College football, in all its seedy glory, has returned. What I find amazing about the sport is that fans watch the games, knowing all the time that players will barter their trophies for tattoos (Ohio State) and cavort with grubby boosters supplying earthly pleasures (Miami).
Even when reputations are tarnished, fans who witnessed the games in person or on television will still have their hazy recollection of watching Reggie Bush or Cam Newton or Terrelle Pryor galloping around the field, so what the heck.
This obsession with fielding powerful college football teams just might be part of the reason the United States continues to slip in world education ratings. According to one recent survey of reading, science and mathematics skills, the United States is entitled to chant, “We’re No. 14! We’re No. 14!”
That makes this country the Utah, let’s say, of world education standings. With a standing that low, you don’t even get an invitation to the Bowl Championship Series.
The N.C.A.A. is said to be studying the abuses of big-time football. With all due respect, nothing fries the brain more than seeing “N.C.A.A,” and “committee” and “education” in the same sentence.
Still, the N.C.A.A. perseveres in its role of enabling a development league for professional football. The system fails the players, none of whom get legally paid and few of whom get much of an education. When evidence falls on its doorstep, the N.C.A.A. can and does act, the way it did last Tuesday, when it punished 12 Miami players, eight with suspensions, for accepting favors from a booster, Nevin Shapiro.
After being caught running a Ponzi scheme, Shapiro is now spending the next two decades in a somewhat more locked-down institution. However, Miami itself will open at Maryland on Monday night, so all is right with the world.
Who knew that college football had such a delicious sense of irony in choosing the first big game of the television season, Saturday between Oregon, ranked third in the preseason polls, and Louisiana State, ranked fourth.
By delightful circumstance, both schools have players suspended for various reasons, and both are being investigated by the N.C.A.A. for using the very same notorious scout Will Lyles to recruit players. Of course, they should play each other, over and over again.
Meanwhile, opening against Akron on Saturday will be Ohio State, which is chugging along merrily despite the departure of Jim Tressel, who beat Michigan most of the time while displaying a preachy tone. Tressel also tended to obfuscate, and resigned in disgrace last May.
Ohio State’s star quarterback, Pryor, was suspended for five games by the N.C.A.A. for violations, but he bolted and was drafted by the Raiders. The N.F.L. also ruled he had to sit out five games for bypassing the league draft, but it will probably take him that long to adjust to pro ball and maybe a new position.
Scandals like these should be an embarrassment to Miami’s president, Donna Shalala, and Ohio State’s president, E. Gordon Gee, but essentially any president of a major football power is expected to know the deal when signing on. When Gee was Chancellor at Vanderbilt a decade ago he abolished the athletic department and placed it within Student Services because he wanted to assert the appropriate balance between academics and athletics. He seems to sing a different tune at Ohio State.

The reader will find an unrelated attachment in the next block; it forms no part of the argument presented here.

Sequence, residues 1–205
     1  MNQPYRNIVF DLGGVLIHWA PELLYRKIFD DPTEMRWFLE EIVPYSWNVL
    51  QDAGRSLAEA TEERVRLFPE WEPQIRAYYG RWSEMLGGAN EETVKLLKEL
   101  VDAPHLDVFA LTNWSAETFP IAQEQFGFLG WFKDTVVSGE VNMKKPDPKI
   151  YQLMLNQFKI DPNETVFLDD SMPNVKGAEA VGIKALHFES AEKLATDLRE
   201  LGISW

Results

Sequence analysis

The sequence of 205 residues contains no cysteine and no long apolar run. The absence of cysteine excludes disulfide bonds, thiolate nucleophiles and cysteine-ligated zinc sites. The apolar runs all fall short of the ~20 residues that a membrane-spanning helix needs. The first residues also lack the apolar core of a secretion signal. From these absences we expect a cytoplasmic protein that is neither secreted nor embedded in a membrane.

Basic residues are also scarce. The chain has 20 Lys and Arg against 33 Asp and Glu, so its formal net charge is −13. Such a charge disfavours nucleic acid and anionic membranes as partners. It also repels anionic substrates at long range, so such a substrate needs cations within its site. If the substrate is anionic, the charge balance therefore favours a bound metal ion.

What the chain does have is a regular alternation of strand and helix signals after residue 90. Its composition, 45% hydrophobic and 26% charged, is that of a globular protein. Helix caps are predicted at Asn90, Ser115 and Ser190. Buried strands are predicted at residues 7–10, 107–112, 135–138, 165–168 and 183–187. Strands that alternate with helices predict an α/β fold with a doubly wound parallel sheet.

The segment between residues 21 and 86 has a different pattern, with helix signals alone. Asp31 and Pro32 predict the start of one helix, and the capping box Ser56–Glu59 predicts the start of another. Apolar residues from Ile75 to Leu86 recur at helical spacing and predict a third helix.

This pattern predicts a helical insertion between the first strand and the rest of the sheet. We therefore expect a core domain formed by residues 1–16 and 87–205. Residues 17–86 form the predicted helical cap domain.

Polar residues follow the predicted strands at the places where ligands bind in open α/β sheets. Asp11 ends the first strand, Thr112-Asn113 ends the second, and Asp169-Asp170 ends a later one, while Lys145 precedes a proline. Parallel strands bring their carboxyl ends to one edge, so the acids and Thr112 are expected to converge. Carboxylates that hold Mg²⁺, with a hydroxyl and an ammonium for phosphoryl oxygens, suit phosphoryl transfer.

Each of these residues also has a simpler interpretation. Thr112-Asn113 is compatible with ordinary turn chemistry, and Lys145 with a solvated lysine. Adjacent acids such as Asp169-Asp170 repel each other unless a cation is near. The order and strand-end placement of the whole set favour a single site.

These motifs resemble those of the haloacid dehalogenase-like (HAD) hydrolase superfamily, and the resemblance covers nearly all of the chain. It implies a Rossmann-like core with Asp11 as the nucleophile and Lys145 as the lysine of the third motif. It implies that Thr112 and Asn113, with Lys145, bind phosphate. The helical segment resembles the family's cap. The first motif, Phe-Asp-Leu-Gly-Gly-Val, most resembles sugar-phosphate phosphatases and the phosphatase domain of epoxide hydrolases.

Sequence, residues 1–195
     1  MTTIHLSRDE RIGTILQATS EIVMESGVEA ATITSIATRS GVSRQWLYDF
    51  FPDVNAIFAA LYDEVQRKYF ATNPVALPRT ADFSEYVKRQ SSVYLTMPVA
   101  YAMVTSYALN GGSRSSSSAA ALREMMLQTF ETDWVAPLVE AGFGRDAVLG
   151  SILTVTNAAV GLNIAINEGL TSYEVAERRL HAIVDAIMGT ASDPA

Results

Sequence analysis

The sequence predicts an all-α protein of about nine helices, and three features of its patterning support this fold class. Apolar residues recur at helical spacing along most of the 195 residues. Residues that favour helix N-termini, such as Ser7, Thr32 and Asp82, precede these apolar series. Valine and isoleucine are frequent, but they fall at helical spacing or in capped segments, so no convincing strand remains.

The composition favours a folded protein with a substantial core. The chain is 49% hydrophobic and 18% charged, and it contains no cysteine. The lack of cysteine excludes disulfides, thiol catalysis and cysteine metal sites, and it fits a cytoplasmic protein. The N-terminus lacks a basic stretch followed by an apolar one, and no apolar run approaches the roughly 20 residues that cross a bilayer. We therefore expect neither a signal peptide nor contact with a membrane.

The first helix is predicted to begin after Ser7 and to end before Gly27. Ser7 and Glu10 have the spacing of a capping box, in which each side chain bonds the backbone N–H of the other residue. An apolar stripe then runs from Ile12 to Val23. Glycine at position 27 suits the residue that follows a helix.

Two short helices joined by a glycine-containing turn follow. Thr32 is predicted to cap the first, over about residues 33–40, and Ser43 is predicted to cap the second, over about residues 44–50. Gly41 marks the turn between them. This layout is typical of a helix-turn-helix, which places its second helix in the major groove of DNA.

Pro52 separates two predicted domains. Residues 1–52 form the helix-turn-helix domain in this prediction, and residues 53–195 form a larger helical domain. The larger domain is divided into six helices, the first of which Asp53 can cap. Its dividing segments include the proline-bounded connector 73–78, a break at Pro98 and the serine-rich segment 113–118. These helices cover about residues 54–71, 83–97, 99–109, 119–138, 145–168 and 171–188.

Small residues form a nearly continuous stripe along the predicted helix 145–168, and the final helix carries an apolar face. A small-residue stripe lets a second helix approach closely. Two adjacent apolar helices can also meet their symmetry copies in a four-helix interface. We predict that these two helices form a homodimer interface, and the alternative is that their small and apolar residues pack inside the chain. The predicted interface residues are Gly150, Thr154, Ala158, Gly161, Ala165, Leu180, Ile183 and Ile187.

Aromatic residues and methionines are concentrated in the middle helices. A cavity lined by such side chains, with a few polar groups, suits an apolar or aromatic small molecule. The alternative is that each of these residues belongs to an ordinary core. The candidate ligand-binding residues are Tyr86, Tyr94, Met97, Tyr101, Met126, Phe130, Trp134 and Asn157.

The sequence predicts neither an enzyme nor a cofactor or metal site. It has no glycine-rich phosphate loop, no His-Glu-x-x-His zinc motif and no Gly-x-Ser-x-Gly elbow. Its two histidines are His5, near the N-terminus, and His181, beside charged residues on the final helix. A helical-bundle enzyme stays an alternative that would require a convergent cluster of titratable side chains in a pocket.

In last week’s edition of Sports Illustrated, Alexander Wolff is urging Shalala to shut down the football program at Miami, thereby emulating the act of Robert Hutchins, the president of the University of Chicago, who abolished football after the 1939 season. In 1956 the Presidents of the eight Ivy League schools brake ranks and formed their own league. Athletic scholarships were abolished and no more major football schools were scheduled. Even today Ivy League football teams do not participate in the Football Championship Subdivision (FCS) playoffs.
Football can work on a level where the presidents are more powerful than the boosters, and where schools are not hopscotching around the country to create mega-conferences to please their masters from the television networks. Yet today it seems that many reputations, awards and even game results (University of Toledo point shaving scandal) are tarnished by all of the cheating that is going on.
Bush became the first player in history to relinquish the highest individual honor in the sport, the Heisman Trophy, and his former school, U.S.C., was penalized with the forfeiture of victories in which Bush played in 2004 after a series of violations was discovered. (The asterisk and fine print in the 2011 media guide say that U.S.C.’s record is 0-0-0 for 2004, due to “NCAA penalties.” I looked.)
More recently, Newton helped Auburn win last season’s national championship after the N.C.A.A. chose to overlook that Newton’s father had been peddling his son’s services. Auburn’s championship stands.
These problems are not going away until school administrators and athletic department officials decide that academics must take precedence in our colleges and universities. These ethical dilemmas are not easy to deal with. People are needed in positions of authority who have the proper training and outlook—training that can be received at schools like the United States Sports Academy. For information on Academy programs please go to http://ussa.edu.
This article is based on a piece written by George Vecsey tha first appeared in the New York Times. Mr. Vecsey can be reached att E-mail: firstname.lastname@example.org